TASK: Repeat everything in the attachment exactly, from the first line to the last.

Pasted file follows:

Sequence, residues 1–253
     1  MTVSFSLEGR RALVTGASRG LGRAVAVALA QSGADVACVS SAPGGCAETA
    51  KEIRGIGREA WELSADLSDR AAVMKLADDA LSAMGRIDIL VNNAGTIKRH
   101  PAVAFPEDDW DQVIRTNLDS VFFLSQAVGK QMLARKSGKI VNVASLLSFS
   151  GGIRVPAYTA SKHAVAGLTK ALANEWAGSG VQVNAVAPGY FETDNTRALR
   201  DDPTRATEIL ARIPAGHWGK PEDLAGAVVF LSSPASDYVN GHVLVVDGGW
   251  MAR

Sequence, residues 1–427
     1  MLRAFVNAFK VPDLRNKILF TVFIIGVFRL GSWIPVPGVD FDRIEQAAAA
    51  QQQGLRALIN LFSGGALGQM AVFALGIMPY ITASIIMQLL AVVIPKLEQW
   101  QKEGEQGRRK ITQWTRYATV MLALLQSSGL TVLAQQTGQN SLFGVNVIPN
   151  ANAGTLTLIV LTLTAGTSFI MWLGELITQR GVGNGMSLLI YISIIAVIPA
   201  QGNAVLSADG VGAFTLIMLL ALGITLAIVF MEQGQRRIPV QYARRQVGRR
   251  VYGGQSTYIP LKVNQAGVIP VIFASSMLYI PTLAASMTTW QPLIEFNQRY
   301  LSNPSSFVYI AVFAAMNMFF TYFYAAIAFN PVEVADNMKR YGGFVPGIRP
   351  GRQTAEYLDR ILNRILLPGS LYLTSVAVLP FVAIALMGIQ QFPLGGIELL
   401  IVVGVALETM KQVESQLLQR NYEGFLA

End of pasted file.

Sequence, residues 1–253
     1  MTVSFSLEGR RALVTGASRG LGRAVAVALA QSGADVACVS SAPGGCAETA
    51  KEIRGIGREA WELSADLSDR AAVMKLADDA LSAMGRIDIL VNNAGTIKRH
   101  PAVAFPEDDW DQVIRTNLDS VFFLSQAVGK QMLARKSGKI VNVASLLSFS
   151  GGIRVPAYTA SKHAVAGLTK ALANEWAGSG VQVNAVAPGY FETDNTRALR
   201  DDPTRATEIL ARIPAGHWGK PEDLAGAVVF LSSPASDYVN GHVLVVDGGW
   251  MAR

Sequence, residues 1–427
     1  MLRAFVNAFK VPDLRNKILF TVFIIGVFRL GSWIPVPGVD FDRIEQAAAA
    51  QQQGLRALIN LFSGGALGQM AVFALGIMPY ITASIIMQLL AVVIPKLEQW
   101  QKEGEQGRRK ITQWTRYATV MLALLQSSGL TVLAQQTGQN SLFGVNVIPN
   151  ANAGTLTLIV LTLTAGTSFI MWLGELITQR GVGNGMSLLI YISIIAVIPA
   201  QGNAVLSADG VGAFTLIMLL ALGITLAIVF MEQGQRRIPV QYARRQVGRR
   251  VYGGQSTYIP LKVNQAGVIP VIFASSMLYI PTLAASMTTW QPLIEFNQRY
   301  LSNPSSFVYI AVFAAMNMFF TYFYAAIAFN PVEVADNMKR YGGFVPGIRP
   351  GRQTAEYLDR ILNRILLPGS LYLTSVAVLP FVAIALMGIQ QFPLGGIELL
   401  IVVGVALETM KQVESQLLQR NYEGFLA